• Vol. 02
  • Chapter 03
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Crossing the line

‘You need a rolled up ten pound note, go on, use the one in my purse,’ Betty said, her polyester cardigan making her feel like a roast-in-the-bag chicken.

Hyacinth paused, this was it, the penultimate thing to do on her bucket list. They’d stolen expensive perfume from Harrods, slashed the tyres of the Born-Again Christian’s car two blocks away and spray painted a heart on Mrs. Duble’s prize toy poodle. They were feeling pumped and not just from the medications they were taking.

Hyacinth cleared her throat. Even though she was going to die very soon, the next thing still went against a deep, moral code. The other things were prankish, the sort of things kids would do; but this was serious, after all, old people don’t take drugs. She shifted position on the sofa.

‘Getting cold feet?’ Betty asked Hyacinth, hoping she would say yes. The thought of needles or smoking drugs scared the living daylights out of her, let alone inhaling drugs up her nose.

‘No, course not. It’s on my list.’

Hyacinth rolled the ten pound note, put it to her nose and leaned over the table. Betty burst out laughing. Hyacinth stopped in her tracks.

‘What is it?’

‘Just imagining what a great photo that would make, we should take one and leave it in the safe for your children to find!’

Hyacinth’s eyes lit up. ‘Not a bad idea Betty, grab the camera, it's in the bureau.’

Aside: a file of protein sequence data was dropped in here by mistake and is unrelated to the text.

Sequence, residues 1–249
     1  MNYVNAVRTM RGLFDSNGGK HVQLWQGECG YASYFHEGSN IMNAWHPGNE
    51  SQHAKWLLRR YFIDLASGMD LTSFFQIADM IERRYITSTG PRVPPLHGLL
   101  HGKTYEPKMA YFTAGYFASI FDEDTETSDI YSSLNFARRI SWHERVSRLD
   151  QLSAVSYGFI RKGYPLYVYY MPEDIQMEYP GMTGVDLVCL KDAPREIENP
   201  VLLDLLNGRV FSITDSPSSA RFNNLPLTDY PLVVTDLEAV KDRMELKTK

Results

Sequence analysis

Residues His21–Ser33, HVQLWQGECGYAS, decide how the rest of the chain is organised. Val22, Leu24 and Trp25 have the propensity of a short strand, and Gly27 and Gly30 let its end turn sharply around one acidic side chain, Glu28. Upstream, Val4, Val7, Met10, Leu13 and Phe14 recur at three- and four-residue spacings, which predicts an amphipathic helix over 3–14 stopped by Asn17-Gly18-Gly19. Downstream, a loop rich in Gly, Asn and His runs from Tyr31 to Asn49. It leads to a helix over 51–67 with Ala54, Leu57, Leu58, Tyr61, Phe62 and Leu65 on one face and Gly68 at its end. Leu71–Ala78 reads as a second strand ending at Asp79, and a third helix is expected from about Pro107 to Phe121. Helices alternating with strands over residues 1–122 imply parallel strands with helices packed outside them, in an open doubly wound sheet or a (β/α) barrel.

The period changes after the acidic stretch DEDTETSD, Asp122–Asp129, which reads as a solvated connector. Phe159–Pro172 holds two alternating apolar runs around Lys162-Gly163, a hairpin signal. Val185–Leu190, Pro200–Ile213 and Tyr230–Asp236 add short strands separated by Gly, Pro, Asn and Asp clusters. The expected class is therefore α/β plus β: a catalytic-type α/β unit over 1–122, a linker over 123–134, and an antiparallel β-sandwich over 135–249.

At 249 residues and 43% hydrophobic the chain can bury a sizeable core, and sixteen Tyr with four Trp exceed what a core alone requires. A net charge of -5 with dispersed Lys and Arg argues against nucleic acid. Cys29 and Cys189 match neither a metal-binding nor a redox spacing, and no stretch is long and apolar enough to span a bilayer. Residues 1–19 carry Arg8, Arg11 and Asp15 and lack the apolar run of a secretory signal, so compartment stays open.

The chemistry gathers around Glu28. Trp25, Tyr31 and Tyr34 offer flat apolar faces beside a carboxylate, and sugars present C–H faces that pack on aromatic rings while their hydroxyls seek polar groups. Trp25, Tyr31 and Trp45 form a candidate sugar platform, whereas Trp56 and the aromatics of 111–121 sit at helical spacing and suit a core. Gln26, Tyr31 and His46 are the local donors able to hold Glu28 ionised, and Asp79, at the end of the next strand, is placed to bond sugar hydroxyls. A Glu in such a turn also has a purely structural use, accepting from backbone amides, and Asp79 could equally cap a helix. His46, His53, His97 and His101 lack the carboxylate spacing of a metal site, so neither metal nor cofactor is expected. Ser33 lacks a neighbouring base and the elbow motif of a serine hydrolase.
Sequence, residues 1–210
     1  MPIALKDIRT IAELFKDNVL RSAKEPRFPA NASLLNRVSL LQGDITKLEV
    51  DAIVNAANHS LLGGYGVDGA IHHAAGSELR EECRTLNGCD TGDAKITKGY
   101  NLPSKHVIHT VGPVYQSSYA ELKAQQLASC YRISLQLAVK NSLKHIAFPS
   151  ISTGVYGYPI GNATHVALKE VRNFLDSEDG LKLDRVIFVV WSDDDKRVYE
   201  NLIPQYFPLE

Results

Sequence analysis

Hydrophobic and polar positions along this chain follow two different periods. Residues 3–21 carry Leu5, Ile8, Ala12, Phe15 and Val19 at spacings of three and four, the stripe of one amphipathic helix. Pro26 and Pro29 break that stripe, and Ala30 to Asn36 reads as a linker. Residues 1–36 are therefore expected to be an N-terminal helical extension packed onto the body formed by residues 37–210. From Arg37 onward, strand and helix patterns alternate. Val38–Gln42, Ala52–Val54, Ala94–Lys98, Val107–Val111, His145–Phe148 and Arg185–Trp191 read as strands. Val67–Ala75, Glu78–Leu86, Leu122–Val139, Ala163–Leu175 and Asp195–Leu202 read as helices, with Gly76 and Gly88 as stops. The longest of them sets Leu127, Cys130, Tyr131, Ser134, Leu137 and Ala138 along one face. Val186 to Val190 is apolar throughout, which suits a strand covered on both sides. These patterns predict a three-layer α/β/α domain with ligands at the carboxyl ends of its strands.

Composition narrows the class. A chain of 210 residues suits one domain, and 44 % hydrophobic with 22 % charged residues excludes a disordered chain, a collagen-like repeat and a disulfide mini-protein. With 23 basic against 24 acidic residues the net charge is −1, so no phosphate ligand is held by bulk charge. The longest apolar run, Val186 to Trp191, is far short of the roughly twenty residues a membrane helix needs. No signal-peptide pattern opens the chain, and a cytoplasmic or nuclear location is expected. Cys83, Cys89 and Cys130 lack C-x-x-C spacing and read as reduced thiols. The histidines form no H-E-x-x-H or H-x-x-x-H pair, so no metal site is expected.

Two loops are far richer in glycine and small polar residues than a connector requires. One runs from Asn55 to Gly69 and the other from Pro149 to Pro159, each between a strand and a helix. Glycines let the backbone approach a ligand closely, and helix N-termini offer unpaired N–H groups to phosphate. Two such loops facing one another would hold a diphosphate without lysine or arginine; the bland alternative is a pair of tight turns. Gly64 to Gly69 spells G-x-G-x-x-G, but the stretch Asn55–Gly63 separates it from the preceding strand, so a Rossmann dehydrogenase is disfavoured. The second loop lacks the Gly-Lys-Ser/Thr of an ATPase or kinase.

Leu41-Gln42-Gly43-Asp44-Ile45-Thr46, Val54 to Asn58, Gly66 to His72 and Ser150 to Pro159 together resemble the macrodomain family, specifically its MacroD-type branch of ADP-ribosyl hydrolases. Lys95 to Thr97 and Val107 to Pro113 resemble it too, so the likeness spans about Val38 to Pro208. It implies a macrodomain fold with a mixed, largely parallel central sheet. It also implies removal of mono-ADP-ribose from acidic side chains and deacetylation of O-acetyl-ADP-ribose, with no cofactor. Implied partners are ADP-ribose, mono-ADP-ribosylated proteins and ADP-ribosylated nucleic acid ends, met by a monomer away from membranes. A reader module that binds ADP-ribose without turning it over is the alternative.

Crossing the line

With much effort Betty stood up and shuffled over to the bureau. The camera was black and shiny with no obvious ON button.

‘How do I switch it on?’

‘Top left, small, round, black button. No, you’ll need to come nearer.’ Betty moved forward slowly, the camera close to her face.

An idea sprang into Hyacinth’s mind. Nearer. That’s it, nearer.

Betty edged closer not seeing the obstacle on the floor. She trod on it; tried to compensate, twisted her ankle and let out a cry before falling over the armchair. A sharp crack filled Hyacinth’s ears. Betty lay still.

Hyacinth watched her immobile body twitch momentarily. She rolled the ten pound note between her fingers, leaned over the table, covered one nostril - paused -then swept and sucked simultaneously along the top line of cocaine. She sniffed hard, felt the chemical cold and smart, slide down the back of her throat. Quickly switching nostrils, she sucked the other line in. She sat back and felt an enormous rush sweep through her body, it reminded her of a fast train.

‘That, my dear Betty is for screwing around with George in 1941. I have two lists, my dearest and closest friend.’